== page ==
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State of grace

May 9, 2008

Several days ago, in writing of my early morning visit to the Church of St. John the Evangelist in Newport, Rhode Island, I was at a loss to describe what I termed the other-worldliness of the service, so different was it from the overly-earnest worship on offer in so many contemporary Episcopal churches. It has subsequently occurred to me, sparked by my reading of Nelson Aldrich’s essay in the January 1979 Atlantic Monthly, that what set St. John’s apart from its peers was a quality of grace.

I do not mean Grace, that free gift which we can neither accomplish nor achieve, but grace of the ordinary garden variety, which though not unrelated to its divine counterpart is entirely within the grasp of humanity, should we choose to reach for it. My dictionary gives it as definition 1: a) “simple elegance or refinement;” b) “courteous goodwill;” c) “an attractively polite manner.” Grace is indeed all of these things. It disarms with its appearance of effortlessness and is courteous in its restraint. Chesterton gives a good summation:

“Greatness is a certain indescribable but perfectly familiar and palpable quality of size in the personality of easy and natural self-expression. Such a man is as firm as a tree and as unique as a rhinoceros.” (from The Common Man)

The Church is too frequently guilty of Trying Too Hard, of making it obvious how much work is done, and judging success based on that statistic alone. Churches where grace is practiced and cultivated have that quality – almost insouciant – of getting it just right, of easy and natural self-expression. Indeed such grace is characteristic of Episcopalians. One is not assaulted at the door of an Episcopal church with false gaiety and overdone goodwill; one does not find the service imposed, but rather offered; the visitor is brought to coffee hour only if it sets him at ease. Indeed at St. Bartholomew’s in New York, the vestry room adjacent to the chancel is used as a welcome and information room where the crowd-shy newcomer can ask questions and speak to a priest in more intimate surroundings, if he so wishes.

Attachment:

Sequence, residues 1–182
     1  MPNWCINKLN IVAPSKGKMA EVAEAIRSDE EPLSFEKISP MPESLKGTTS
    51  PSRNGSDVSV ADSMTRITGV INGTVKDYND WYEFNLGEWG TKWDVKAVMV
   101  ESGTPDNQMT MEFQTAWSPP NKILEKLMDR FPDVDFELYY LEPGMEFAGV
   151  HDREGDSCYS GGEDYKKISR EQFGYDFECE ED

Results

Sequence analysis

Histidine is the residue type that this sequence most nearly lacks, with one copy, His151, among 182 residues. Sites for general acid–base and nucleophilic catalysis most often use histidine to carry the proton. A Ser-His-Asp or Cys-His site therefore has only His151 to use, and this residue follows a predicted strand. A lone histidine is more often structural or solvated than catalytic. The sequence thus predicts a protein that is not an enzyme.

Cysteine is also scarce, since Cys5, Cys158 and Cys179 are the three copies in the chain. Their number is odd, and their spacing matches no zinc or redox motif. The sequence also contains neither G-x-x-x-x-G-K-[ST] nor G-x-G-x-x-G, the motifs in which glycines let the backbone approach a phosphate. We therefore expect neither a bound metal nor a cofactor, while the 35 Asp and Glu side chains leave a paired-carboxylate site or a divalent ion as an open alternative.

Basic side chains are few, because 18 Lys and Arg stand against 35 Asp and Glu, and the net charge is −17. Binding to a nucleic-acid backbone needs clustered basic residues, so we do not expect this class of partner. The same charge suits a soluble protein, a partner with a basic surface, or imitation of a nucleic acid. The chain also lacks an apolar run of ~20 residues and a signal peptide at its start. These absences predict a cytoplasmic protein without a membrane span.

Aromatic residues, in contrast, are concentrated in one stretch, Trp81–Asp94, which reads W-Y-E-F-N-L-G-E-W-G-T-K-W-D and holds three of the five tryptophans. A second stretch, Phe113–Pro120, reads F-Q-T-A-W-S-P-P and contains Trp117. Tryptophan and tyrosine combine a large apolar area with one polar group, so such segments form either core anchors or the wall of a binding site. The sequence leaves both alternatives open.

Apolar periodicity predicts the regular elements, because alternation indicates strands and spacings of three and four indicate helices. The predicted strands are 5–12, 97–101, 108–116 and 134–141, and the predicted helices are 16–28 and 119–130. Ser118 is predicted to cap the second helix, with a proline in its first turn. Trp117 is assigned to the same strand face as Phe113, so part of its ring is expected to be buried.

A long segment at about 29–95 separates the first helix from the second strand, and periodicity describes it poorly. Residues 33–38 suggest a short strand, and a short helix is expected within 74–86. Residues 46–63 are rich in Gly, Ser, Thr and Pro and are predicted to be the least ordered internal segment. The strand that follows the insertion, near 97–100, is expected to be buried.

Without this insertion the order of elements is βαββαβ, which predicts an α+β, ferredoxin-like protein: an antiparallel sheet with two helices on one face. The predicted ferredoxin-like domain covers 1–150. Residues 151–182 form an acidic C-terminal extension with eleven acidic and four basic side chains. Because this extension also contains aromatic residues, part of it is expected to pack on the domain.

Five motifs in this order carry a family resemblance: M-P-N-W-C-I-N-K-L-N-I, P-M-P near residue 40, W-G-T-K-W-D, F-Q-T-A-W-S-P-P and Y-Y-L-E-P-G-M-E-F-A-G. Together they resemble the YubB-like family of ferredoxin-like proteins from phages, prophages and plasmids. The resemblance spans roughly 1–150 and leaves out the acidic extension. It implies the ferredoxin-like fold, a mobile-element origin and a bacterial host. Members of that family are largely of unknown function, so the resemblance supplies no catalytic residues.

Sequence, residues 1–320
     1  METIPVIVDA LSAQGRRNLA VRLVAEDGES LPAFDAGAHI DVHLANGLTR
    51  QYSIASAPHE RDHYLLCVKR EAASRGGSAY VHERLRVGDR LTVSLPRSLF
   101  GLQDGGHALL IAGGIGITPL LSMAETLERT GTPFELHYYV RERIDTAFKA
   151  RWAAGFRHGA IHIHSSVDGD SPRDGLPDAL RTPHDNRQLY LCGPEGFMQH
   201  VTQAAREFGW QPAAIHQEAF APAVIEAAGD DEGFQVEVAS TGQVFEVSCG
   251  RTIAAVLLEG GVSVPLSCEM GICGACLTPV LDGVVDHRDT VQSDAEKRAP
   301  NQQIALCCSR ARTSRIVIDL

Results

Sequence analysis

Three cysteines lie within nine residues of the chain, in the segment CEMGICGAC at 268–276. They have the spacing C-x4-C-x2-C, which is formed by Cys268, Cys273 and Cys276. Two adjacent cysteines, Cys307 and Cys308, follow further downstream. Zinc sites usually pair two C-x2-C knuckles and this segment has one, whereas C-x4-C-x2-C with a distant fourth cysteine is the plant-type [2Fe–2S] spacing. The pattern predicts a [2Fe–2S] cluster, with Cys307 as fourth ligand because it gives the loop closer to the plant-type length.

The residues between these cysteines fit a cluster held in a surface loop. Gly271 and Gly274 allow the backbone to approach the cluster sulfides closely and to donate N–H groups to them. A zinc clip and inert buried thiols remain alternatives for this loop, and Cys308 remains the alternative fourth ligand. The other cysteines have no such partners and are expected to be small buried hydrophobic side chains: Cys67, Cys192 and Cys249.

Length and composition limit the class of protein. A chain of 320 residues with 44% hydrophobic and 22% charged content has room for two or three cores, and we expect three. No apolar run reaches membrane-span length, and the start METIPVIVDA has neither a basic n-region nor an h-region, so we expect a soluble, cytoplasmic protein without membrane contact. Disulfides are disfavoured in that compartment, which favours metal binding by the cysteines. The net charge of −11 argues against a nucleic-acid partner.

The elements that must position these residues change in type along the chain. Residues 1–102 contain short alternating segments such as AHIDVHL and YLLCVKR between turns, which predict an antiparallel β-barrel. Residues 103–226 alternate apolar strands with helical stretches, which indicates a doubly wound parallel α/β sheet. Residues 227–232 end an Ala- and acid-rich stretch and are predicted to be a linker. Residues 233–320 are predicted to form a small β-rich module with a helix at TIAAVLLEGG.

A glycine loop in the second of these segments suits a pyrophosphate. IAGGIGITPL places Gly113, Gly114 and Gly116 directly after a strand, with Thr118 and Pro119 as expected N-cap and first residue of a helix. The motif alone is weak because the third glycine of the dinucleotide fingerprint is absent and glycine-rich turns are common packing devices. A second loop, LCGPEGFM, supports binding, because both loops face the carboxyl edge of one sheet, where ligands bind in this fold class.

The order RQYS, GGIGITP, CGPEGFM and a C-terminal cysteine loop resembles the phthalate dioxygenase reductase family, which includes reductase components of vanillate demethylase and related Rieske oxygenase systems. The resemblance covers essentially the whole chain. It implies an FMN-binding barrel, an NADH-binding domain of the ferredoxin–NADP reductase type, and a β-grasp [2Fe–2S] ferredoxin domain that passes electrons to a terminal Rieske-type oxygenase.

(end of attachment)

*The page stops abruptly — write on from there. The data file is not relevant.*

To shove elements of worship – and of church life – down people’s throats betrays an obvious lack of confidence in the quality and worth of what is presented, and it shows. Indeed this is the very nature of Trying Too Hard: that it is self-conscious, that it is a show intended to deceive, for surely one who is genuine needs to put on no airs. St. Bartholomew’s doesn’t believe that newcomers must be assaulted: if they be moved, they will come to the vestry room. And if they haven’t been moved, then confronting them is not the correct remedy.

This was my chief grievance at St. Peter’s against the manner of commissioning the search committee: that we were compelled to put our hands into the air, that the clergy leadership felt that having us do so would make everyone feel “involved” or “welcome.” Rather, it served only as a distraction from the serious charge of the search committee, and it drove my hands straight into my pockets.

If we understand that the Church strives to be in the world but not of the world, then grace must be that quality of otherness which elevates our worship above the quotidian without breaking its crucial connection to the earth – and to us sinners, here below. I have posed the question before: should a church service be challenging in its methods, or in its message? For Episcopalians and the Episcopal Church, it has always been my experience that the former obfuscates the latter and that we are at our best, our most honest and our truest, when we worship with ease and poise.

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